Booby Trapping Samba Shares
This is a simple guide to setting up fake Samba shares that’ll send you an email when accessed. The idea is that an attacker, after getting into your network, is going to search around for the good stuff. If you mix in low hanging fruit, it can give you an early indicator if someone is in your network.
This guide is assuming you already have a configured Samba server, up and operational.
Unfortunately, I couldn’t find any way to separate out log files based on share. What we’ll need to do is make sure auditing is configured, and look through syslogs for anything suspicious.
A note about auditing
Fair warning, depending on your normal usage, this will create a lot of log entries. The settings below will log pretty much everything your users do on the server. As someone who has dealt with “Well, I don’t know what happened, my work just disappeared” a few too many times, I think it is a very fair price to pay.
Extra settings for [global]
The following extra settings need to be enabled in the [global] section of your smb.conf:
full_audit:prefix = %u|%I|%S
full_audit:failure = connect
full_audit:success = connect disconnect mkdir rmdir open close read pread write pwrite sendfile rename unlink chmod fchmod chown fchown chdir ftruncate lock symlink readlink link mknod realpath
full_audit:facility = local5
full_audit:priority = notice
vfs object = full_audit
This enables full auditing, and has it log to syslog. If necessary, you can always scale it back by changing what gets actually logged. The one we definitely use is chdir for the rule below.
Next, create the share (or shares) that you want to be traps. A simple example is below:
[passwords] comment = Centralized Password Storage path = /srv/samba/passwords
Create the folder and give it read permissions.
user@server:~/$ sudo mkdir -p /srv/samba/passwords user@server:~/$ sudo chmod a+rX /srv/samba/passwords
Restart samba, and all the audit data should be going to syslog.
Swatch is used for actually monitoring the log file, to look for a specific pattern, and take action when it finds a result. First things first, we’ll install swatch. It is a pretty standard application, and should be available in the package manager of your choice. For example, also in Ubuntu:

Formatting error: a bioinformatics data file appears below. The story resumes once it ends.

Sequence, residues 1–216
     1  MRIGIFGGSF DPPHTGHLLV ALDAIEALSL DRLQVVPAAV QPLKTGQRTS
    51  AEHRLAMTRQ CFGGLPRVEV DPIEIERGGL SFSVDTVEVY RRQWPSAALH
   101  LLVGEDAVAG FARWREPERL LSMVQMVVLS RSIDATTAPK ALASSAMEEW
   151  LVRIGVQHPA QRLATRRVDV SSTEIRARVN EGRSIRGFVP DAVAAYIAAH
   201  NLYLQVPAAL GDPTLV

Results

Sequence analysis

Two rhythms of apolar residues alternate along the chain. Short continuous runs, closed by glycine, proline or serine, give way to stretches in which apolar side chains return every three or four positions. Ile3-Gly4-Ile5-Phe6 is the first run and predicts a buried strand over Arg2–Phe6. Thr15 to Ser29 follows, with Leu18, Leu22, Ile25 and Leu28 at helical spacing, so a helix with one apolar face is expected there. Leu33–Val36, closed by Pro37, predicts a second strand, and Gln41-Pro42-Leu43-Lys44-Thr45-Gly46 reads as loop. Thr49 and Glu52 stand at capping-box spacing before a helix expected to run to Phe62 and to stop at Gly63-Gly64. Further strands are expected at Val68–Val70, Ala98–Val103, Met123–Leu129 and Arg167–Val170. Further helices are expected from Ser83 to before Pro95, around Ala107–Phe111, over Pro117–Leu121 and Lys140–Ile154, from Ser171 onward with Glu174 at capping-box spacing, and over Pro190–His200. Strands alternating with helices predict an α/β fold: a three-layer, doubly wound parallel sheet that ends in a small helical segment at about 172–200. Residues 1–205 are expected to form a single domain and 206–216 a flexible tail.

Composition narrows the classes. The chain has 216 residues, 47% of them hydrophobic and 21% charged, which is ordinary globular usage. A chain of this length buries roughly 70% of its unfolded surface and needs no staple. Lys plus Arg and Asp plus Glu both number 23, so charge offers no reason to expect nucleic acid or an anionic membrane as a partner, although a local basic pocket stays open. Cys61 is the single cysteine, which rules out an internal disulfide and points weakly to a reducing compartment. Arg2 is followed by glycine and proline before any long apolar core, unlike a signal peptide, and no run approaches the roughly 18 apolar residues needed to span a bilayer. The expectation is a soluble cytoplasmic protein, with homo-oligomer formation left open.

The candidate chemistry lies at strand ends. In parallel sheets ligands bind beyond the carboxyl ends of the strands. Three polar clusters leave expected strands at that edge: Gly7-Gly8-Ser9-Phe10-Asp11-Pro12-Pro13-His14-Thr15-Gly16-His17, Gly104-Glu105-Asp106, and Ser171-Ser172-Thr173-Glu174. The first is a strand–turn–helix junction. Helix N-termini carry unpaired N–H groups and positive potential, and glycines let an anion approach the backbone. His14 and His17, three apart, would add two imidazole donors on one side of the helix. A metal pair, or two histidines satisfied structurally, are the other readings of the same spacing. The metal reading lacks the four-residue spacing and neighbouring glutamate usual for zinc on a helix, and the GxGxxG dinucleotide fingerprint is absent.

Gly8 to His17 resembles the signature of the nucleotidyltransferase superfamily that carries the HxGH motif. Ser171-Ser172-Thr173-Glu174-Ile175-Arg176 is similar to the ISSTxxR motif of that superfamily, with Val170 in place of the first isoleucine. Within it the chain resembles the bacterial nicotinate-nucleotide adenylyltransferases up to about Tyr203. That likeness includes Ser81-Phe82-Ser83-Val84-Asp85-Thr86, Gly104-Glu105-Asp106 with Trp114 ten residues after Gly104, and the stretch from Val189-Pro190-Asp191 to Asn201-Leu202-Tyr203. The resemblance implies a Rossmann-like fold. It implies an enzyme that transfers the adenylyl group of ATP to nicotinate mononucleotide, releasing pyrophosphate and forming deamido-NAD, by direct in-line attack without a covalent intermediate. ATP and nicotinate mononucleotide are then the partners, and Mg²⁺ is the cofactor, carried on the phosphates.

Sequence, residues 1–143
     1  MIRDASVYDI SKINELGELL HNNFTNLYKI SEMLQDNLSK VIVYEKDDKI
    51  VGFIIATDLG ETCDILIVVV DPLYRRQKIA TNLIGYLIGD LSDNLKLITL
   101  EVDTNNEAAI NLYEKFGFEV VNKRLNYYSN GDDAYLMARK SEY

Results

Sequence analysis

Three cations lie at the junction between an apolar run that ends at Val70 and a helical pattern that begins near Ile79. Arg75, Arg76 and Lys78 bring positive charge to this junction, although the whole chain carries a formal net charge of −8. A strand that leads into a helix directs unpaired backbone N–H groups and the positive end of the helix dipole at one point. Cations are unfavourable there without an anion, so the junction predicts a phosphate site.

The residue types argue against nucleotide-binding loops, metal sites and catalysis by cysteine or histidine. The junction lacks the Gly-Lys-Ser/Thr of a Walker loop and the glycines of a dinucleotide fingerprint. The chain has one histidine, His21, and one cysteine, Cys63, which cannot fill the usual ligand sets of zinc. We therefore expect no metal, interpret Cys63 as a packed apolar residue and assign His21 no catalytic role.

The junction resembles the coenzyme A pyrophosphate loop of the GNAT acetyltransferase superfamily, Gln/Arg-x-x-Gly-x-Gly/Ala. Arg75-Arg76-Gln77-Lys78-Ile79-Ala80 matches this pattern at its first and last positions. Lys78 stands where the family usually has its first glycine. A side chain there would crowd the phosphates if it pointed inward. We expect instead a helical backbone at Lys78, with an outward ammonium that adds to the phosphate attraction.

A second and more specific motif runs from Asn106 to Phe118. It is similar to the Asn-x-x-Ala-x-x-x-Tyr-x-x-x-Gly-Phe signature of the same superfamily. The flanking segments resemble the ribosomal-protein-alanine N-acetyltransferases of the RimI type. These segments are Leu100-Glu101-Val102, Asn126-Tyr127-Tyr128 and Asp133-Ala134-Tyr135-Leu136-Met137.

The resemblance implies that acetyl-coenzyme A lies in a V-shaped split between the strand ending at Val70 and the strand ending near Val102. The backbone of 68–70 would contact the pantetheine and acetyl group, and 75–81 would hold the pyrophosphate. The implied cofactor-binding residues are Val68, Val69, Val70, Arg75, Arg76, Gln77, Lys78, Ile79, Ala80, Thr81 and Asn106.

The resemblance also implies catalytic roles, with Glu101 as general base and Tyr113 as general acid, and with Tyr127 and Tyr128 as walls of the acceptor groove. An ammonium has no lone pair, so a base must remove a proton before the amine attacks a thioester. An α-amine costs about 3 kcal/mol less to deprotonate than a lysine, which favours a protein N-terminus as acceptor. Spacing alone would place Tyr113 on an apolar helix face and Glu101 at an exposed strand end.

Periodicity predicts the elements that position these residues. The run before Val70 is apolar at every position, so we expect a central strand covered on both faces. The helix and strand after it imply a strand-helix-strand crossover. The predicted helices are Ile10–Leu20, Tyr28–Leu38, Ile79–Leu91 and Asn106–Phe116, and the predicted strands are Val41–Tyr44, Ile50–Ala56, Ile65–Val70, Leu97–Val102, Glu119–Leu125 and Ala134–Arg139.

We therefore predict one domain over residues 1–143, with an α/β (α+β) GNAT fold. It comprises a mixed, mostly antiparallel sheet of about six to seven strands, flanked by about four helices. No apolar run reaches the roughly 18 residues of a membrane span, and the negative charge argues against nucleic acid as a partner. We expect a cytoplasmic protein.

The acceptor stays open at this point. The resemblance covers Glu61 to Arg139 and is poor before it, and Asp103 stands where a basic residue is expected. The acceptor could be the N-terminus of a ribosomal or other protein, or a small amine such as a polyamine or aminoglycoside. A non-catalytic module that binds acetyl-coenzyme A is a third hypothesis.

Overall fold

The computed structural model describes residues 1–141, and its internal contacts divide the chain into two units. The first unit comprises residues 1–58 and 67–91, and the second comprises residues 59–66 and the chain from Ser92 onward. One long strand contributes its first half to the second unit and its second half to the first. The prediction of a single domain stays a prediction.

user@server:~/$ sudo apt-get install swatch
Next, create a config file. Here is a very simple one:
user@server:~$ cat /etc/swatch.conf watchfor /passwords\|chdir\|ok\|chdir/ echo mail = firstname.lastname@example.org
Change out ‘passwords’ with whatever you have named your share. The text inside the /data/ is what will be matched by swatch. You can add other strings to catch on here if you want, but this will notify you the first time a user accesses a share.
NOTE: FOR THE LOVE OF GOD, MAKE SURE YOU PUT THAT BACKSLASH IN FRONT OF THAT PIPE. Pipe by itself means OR, which means you’ll match a lot of things. Your coworkers will not be happy with 1000s of alerts within a few minutes.
Next, you’ll need to set up the init.d/systemd startup script. Below is a sample of each:
user@server:~/$ sudo chmod +x /etc/init.d/swatch user@server:~/$ sudo update-rc.d swatch defaults user@server:~/$ sudo service swatch start
/usr/lib/systemd/system/swatch.service [Unit] Description=Swatch Log Monitoring Daemon After=syslog.target [Service] ExecStart=/usr/bin/swatch --config-file=/etc/swatch.conf --tail-file=/var/log/syslog --pid-file=/var/run/swatch.pid --daemon ExecStop=kill -s KILL $(cat /var/run/swatch.pid) Type=forking PIDFile=/var/run/swatch/pid [Install] WantedBy=multi-user.target user@server:~/$ sudo systemctl enable swatch.service user@server:~/$ sudo systemctl start swatch.service
Now that you have your nice booby-trapped Samba share, you can always take it a step further and put some fun items in.